**Possible undergraduate research projects: for more information, contact me at
sjm1 AT williams.edu**

**Here is a summary sheet of the projects.**

Some papers for potential topics (**REVISING THIS RIGHT NOW!**):

**Irrationality and infinitude of primes:**- Miller-Schiffman-Wieland: Infinitude of primes: there are lots of proofs of the infinitude of the primes. One of my favorite is based on zeta(s) = sum_n 1/n^2 = pi^2/6 is irrational. If you've heard of Euclid's proof, that leads to pi(x) = #{p prime: p <= x} is larger than loglog(x); using some advanced concepts (irrationality measure) we can basically recover this bound by looking at how irrational pi^2 is; unfortunately, the proof of how irrational pi^2 is uses as input pi(x) is about x / log(x). There are ways around this assumption, and we do get something nice.

**Additive and elementary number theory**- Miller-Roman-Sinnott: y^2= n(n+1)(n+2)(n+3): A nice proof when four consecutive integers can and cannot be a square; can you generalize to products of six consecutive integers? This could make a really nice Monthly article.
- More sums than differences: See big papers by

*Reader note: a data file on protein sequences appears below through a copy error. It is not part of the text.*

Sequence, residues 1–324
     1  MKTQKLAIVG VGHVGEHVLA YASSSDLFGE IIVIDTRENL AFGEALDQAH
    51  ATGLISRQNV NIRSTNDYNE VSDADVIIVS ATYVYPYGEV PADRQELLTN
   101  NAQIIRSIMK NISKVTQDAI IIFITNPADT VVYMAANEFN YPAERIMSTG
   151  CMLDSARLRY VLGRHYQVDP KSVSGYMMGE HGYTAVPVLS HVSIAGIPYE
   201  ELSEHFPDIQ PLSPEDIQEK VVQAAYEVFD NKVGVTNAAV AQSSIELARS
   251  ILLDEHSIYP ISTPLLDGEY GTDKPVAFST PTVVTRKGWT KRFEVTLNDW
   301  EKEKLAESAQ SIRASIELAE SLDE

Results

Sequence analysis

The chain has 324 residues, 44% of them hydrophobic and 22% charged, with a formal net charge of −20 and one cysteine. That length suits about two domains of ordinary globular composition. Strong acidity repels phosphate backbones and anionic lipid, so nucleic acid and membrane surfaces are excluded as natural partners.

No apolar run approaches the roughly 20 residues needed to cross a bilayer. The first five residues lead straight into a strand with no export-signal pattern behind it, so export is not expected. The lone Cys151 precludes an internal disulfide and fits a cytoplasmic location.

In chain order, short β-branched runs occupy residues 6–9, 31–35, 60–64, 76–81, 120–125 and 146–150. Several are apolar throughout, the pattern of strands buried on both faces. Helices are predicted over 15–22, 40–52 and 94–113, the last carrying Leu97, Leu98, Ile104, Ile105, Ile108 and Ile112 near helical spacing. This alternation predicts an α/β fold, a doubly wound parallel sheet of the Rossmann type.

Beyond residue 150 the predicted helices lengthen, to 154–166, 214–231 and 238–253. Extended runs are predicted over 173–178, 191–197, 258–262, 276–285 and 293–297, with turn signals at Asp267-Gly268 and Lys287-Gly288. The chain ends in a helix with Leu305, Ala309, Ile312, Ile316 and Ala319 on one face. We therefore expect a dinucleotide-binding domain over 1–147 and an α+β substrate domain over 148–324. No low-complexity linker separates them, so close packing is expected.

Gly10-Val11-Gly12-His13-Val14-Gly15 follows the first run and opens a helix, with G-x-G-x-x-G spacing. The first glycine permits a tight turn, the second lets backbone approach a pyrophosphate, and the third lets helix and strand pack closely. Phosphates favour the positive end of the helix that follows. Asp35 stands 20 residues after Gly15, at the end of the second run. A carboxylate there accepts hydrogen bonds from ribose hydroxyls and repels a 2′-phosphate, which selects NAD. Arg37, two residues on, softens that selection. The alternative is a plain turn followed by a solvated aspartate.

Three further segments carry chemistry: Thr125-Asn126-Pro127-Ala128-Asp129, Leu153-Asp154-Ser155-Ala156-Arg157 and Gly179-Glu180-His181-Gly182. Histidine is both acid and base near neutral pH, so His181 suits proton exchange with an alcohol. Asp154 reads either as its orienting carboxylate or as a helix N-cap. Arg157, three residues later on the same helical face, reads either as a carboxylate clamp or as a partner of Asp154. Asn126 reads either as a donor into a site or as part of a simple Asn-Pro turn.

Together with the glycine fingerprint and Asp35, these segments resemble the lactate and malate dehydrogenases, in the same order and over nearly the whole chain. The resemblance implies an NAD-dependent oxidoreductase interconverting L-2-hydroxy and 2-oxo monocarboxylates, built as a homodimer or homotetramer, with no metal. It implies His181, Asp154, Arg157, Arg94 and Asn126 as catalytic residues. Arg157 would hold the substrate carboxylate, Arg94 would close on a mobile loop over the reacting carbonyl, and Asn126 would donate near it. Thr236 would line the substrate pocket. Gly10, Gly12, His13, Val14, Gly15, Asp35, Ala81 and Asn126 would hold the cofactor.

(1)
Nathanson,
(2) Martin and
O'Bryant. Gist: given a finite set of integers A, form A+A and A-A, where
A+A = {a1 + a2: a_i in A} and A-A = {a1 - a2: a_i in A}. As addition is
commutative but subtraction isn't, a generic pair gives two differences and
only one sum. Thus expect A+A to be smaller than A-A. Amazingly, Martin and
O'Bryant showed that a positive percent of the time A+A is larger! If you use
a difference model of choosing sets randomly, however, Hegarty and I showed
almost all sets are difference dominated. In the other direction, I and some
students constructed the world record for densest families of sum-dominated
sets.
- Hegarty-Miller: in a certain model of sets, almost all sets are difference dominated: Some tough open problems at the end.
- Miller-Orosz-Scheinerman: constructing infinite families of sum dominated sets: I have some thoughts about trying to extend this construction.

**Continued Fractions (student reports from Princeton):**Click here for the homepage, with access to computer programs- Digits of continued fractions
- Investigation of lengths of periods of quadratic irrationals
- Average period result: mariusjp.pdf
- Conjecture of Chowla on continued fractions of sqrt(prime): alexajp.pdf

- Closed Form Expansions of Continued Fractions: dfJP2.pdf
- Almost periodic continued fractions: tdJP.pdf

**Differential equations:****Probability topics:**- Miller: derivation of the log5 rule for when one team wins
- Miller: Pythagorean Won-Loss Theorem
- Miller: Die battles: Applications to the game of risk
- Miller: Extending the Pidgeonhole Principle
- Miller: Differentiating identities notes: lots of good math in this, from differentiating identities to matching coefficients of polynomials. This leads to formulas to predict how often you expect to see certain runs / how many runs you expect to see in Heads / Tails.